Kazakhstan Holds National Day of Mourning for Miners Killed in Fire

Kazakhstan held a National Day of Mourning on October 29th for more than 40 people killed in a coal mine fire in the central Qaraghandy region, the deadliest such accident in the country’s post-Soviet history. The death toll has now risen to 45, with the recovery of two additional bodies, rescue official Gennady Silinsky said. Some 252 people were underground at the Kostenko mine when the fire struck in the early hours of October 28th, said operating company, ArcelorMittal, the world’s second-largest steel producer. Authorities said an evacuation had been ordered after the fire broke out, but that an explosion occurred before many workers could reach safety. The blast could be felt more than two kilometers away, Silinsky told a news briefing. On October 28th, the Government of Kazakhstan confirmed the nationalization of the local branch of the steel giant, ArcelorMittal Temirtau, which operates the country’s largest steel plants and several coal and ore mines. In a statement, Prime Minister Alikhan Smailov said that the government had reached a preliminary agreement with the company's shareholders, and was now in the process of “formalizing” the nationalization. ArcelorMittal confirmed it had signed a “preliminary agreement for a transaction that will transfer ownership to the Republic of Kazakhstan”. The company said it "will commit to finalizing this transaction as soon as possible”. The Office of Kazakhstan’s Prosecutor-General announced a probe into potential safety violations at the Kostenko mine. It was the second deadly incident at an ArcelorMittal site in Kazakhstan this year, after five miners were killed in an accident at a mine in the same region in August. ArcelorMittal's operations in the resource-rich Central Asian country have regularly been accused by authorities of failing to respect safety and environmental regulations.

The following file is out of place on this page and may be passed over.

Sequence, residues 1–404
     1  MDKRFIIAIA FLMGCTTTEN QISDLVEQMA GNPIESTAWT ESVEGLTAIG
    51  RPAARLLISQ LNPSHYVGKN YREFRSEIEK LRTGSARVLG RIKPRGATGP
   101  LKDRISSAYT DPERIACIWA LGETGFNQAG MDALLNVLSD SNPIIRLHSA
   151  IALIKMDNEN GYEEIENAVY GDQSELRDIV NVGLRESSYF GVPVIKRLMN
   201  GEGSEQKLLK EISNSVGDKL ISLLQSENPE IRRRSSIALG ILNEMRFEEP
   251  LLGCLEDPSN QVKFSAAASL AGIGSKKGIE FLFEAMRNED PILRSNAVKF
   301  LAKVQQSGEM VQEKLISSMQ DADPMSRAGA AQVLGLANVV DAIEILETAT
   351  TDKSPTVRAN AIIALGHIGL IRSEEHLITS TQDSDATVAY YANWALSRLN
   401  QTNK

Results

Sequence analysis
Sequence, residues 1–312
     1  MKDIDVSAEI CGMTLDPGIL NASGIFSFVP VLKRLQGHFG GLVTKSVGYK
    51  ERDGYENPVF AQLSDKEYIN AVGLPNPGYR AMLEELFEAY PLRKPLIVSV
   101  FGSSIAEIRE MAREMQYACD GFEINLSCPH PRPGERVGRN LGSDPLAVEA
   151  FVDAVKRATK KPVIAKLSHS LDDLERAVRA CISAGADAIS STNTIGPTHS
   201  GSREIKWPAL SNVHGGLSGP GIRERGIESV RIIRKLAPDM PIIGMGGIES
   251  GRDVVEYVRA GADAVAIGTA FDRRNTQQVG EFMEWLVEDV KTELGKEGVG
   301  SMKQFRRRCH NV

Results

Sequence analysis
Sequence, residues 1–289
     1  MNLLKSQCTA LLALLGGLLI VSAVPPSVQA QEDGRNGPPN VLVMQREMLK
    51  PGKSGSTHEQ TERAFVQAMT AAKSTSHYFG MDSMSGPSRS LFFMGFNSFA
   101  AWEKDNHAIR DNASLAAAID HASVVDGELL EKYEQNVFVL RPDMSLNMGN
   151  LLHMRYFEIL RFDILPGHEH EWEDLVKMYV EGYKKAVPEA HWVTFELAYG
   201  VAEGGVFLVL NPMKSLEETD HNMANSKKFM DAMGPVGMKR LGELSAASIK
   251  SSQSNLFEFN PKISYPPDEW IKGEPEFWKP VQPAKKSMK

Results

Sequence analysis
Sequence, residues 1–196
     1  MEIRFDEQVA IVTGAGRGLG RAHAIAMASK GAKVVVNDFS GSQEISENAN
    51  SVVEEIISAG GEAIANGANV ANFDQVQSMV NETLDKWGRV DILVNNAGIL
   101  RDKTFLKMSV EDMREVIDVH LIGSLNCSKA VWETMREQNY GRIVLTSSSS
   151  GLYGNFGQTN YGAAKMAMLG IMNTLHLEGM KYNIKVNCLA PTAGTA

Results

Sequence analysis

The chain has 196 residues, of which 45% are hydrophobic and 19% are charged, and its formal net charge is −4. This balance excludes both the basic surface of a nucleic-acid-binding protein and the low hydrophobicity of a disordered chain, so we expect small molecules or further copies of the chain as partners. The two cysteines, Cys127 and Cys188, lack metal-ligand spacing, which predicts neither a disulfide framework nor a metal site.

Scores Dead After Fire at Mine Operated by ArcelorMittal

At least 21 people were killed when a fire broke out at a mine in Kazakhstan operated by the global steel giant ArcelorMittal on October 28th, prompting President Kassym-Jomart Tokayev to order an "end to investment cooperation" with the company, RFE/RL's Kazakh Service reports. A local unit of the company, ArcelorMittal Temirtau, said in a statement that 252 people were underground at the Kostenko mine in the central Qaraghandy region when the fire struck. It said 208 miners had been evacuated, with 18 seeking medical help, while 23 people had not been accounted for. There was no immediate comment about the cause of the incident. This was the second deadly event at an ArcelorMittal site in Kazakhstan this year, after five miners were killed at a mine in the same region in August. Tokayev, who expressed condolences to the victims' families, said "the government has ordered an end to investment cooperation with ArcelorMittal”. The president said an investigative commission will be set up to determine the cause of the blaze. ArcelorMittal operates around a dozen mines in Kazakhstan. The company's operations in the resource-rich Central Asian country have regularly been accused by authorities of failing to respect safety and environmental regulations. Following the incident in August at an ArcelorMittal coal mine, Tokayev denounced the "systemic character" of accidents involving the company that he said has left more than a hundred people dead in Kazakhstan since 2006. In December 2022, Astana threatened to ban ArcelorMittal from operating in the country after a worker died in what the company labeled an accident at its factory in Temirtau.